James Beriah Frazier was a younger cousin of S.J.A. Frazier. He had studied law under his father, Judge Thomas Neal Frazier. Judge Frazier
was a brother of Dr. Beriah Frazier and of Samuel Frazier of Rhea County. He had been an attorney at Old Washington, then clerk and master of Bledsoe County. He practiced law at Pikeville and became a circuit judge in 1861. On the Union side during the war, he later was a criminal court judge at Nashville. J.B. Frazier joined in a law partnership with Lewis Shepherd, who was married to one of Frazier's cousins. The Chattanooga lawyer became Tennessee governor in 1903 and he later was named to the U.S. Senate. He also married into the Keith family of Athens. His marriage to Louise Douglas Keith took place in 1883. She was a sister of the wife of S.J.A. Frazier.

James Beriah Frazier Jr. was a longtime Third District congressman. He succeeded Estes Kefauver and was in turn succeeded by Bill Brock. Earlier he had served for 16 years as U.S. attorney for East Tennessee. He married Elizabeth Hope. Their daughter, Elizabeth, married attorney Thomas McCallie III, a descendant of the minister who helped save the life of S.J.A. Frazier during the Civil War.

Two of S.J.A. Frazier's children were in the state House of Representatives. They were Alexander F. Frazier and Sarah Ruth Frazier. Neither ever married. Sarah Ruth Frazier was a leader in the fight for the right of women to vote and she was a talented writer. Very active in Confederate veteran reunions, she was buried in Chattanooga's Confederate Cemetery.


Free Genealogy Workshop For Young Adults On Nov. 1

The Chief John Ross Chapter, Daughters of the American Revolution, in conjunction with the Family History Center is offering a free Genealogy Workshop for young adults (ages 14-36)  who are i nterested in learning more about their family’s history or are intrigued by their family’s role in history and want to learn more. The workshop will take place on Saturday, Nov. 1 ... (click for more)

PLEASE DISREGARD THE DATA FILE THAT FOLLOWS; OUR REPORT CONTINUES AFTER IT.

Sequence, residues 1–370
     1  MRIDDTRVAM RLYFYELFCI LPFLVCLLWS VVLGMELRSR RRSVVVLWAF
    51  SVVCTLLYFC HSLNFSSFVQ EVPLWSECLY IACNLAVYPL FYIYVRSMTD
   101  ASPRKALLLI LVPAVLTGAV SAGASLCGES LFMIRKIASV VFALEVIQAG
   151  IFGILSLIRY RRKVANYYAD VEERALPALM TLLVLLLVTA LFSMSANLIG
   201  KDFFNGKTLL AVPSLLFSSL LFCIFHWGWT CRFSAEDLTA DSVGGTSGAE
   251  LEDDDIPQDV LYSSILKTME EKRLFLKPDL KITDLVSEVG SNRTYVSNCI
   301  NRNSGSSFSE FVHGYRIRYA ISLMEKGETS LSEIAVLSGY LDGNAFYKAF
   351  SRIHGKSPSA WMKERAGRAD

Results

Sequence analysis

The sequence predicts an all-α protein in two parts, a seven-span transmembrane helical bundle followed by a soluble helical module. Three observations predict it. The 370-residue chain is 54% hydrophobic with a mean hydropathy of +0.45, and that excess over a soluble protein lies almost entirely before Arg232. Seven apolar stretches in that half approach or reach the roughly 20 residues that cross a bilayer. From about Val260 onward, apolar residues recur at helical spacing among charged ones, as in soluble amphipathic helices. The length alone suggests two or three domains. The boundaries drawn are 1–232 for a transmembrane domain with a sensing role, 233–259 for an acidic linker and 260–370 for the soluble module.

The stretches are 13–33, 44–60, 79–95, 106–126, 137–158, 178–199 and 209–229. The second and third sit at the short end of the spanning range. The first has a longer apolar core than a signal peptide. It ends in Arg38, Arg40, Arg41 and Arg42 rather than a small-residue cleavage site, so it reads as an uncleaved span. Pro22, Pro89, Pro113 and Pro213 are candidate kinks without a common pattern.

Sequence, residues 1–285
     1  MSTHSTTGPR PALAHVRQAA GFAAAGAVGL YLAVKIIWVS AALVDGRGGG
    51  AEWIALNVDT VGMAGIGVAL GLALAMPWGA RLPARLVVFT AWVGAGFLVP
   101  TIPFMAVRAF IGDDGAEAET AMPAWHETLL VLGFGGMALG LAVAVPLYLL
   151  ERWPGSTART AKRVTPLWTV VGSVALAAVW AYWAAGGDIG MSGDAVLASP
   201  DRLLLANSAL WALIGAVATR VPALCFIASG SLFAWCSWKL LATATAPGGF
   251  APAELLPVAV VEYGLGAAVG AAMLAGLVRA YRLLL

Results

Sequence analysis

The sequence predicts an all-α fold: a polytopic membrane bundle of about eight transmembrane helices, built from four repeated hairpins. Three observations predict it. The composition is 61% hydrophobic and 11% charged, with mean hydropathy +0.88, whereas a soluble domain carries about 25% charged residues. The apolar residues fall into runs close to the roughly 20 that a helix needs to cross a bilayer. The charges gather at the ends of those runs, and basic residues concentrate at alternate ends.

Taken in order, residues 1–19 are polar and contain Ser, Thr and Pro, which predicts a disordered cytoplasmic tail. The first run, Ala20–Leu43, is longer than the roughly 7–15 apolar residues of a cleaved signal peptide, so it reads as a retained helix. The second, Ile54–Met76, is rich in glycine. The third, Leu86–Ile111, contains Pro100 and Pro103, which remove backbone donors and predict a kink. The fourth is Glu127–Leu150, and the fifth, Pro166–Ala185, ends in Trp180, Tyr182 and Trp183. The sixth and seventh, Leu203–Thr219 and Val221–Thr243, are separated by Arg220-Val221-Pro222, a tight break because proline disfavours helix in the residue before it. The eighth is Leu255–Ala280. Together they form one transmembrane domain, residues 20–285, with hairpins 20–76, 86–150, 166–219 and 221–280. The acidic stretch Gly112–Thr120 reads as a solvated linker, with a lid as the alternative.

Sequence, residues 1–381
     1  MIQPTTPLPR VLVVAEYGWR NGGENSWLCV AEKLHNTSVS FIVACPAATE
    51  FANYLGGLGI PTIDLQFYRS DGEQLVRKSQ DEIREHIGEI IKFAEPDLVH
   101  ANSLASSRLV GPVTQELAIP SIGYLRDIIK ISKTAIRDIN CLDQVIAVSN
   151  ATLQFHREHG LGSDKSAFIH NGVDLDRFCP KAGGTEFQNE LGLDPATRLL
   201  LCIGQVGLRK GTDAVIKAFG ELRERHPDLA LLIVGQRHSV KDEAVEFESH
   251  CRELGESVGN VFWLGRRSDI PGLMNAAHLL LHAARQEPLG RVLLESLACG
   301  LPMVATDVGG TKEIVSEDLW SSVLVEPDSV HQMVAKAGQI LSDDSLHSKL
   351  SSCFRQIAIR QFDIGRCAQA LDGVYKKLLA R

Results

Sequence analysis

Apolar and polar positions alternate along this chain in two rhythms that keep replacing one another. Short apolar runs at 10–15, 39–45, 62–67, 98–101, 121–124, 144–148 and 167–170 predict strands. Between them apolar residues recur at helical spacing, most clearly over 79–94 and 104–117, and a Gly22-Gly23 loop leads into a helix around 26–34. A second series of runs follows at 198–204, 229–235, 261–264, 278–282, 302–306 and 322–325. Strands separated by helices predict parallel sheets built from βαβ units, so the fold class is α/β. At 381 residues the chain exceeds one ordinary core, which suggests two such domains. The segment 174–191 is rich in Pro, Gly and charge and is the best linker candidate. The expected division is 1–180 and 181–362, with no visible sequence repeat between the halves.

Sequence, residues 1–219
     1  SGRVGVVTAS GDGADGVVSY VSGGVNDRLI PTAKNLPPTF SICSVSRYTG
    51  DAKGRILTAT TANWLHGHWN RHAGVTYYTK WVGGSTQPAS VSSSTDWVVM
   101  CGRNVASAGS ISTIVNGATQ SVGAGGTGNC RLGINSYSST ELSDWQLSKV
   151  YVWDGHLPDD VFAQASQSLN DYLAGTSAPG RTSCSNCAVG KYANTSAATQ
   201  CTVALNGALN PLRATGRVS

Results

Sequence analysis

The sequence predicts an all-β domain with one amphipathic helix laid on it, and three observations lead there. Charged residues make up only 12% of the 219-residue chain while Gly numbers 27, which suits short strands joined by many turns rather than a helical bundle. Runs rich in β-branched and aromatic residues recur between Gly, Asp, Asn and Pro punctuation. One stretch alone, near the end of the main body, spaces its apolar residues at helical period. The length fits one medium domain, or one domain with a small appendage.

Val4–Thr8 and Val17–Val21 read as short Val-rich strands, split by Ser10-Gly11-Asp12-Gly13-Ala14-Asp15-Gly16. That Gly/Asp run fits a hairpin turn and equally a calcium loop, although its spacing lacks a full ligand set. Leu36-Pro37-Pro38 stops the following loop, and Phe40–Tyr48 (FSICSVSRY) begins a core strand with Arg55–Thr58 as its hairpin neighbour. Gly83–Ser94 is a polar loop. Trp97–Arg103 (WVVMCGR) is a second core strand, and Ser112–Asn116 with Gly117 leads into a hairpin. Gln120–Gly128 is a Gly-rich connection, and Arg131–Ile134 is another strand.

History Center's Walking Tour of Fort Wood is October 28

As a part of the Chattanooga History Center’s Director’s Series , Dr. Daryl Black will lead a walking tour of the historic Ford Wood neighborhood.   The tour will be Tuesday, October 28 starting at 5:30pm.   Registered participants will meet at the corner of Oak and Palmetto streets.   The fee is $10 for the general public or $5 for Chattanooga History Center ... (click for more)

Man Shot At Apartments On Tunnel Boulevard Wednesday Afternoon, Then 2 Juveniles Shot At Rec Center On Oakwood Drive With Suspects In Custody

Chattanooga police officers responded to the apartment buildings at 404 Tunnel Blvd. Wednesday at 1:21 p.m., where residents say they heard multiple shots fired.  Witnesses said they saw multiple suspects fleeing the scene on foot behind the complex.  The male victim was taken to a local hospital for life threatening gunshot wounds.  Later Wednesday, ... (click for more)

Several Arrested Outside Erlanger Hospital When Crowd Gathers After Woodlawn Shooting

Several people were arrested Monday night outside Erlanger Hospital after a crowd gathered and clashed with police. The crowd included family and friends of 20-year-old Apprentice Berry, who was shot multiple times and killed earlier Monday night at the Woodlawn Apartments on Wilson Street. Erlanger officials said the group gathered at the emergency room, but were later moved ... (click for more)

Chattanooga Has Lost Its Most Popular Citizen - Luther Masingill - And Response

Chattanooga has lost its most popular citizen – Luther Masingill. Although we are saddened we cherish the memories.  All of us have a Luther story.  Mine is the first time I met Luther.  This was before TV and all of Chattanooga listened to Luther on the radio.  I was 12-years-old.  Some of my buddies and I had gone to the State Theater in downtown ... (click for more)

Roy Exum: The Policeman’s Prayer

Every year, when the Law Enforcement Foundation of Greater Chattanooga holds its annual luncheon, it is one of the most heartening displays of what America really believes, down deep inside. The most prominent and influential leaders in the community – well over 1,000 -- gather to pay tribute and pledge their support to our heroes in blue who are unfaltering in their devotion, service ... (click for more)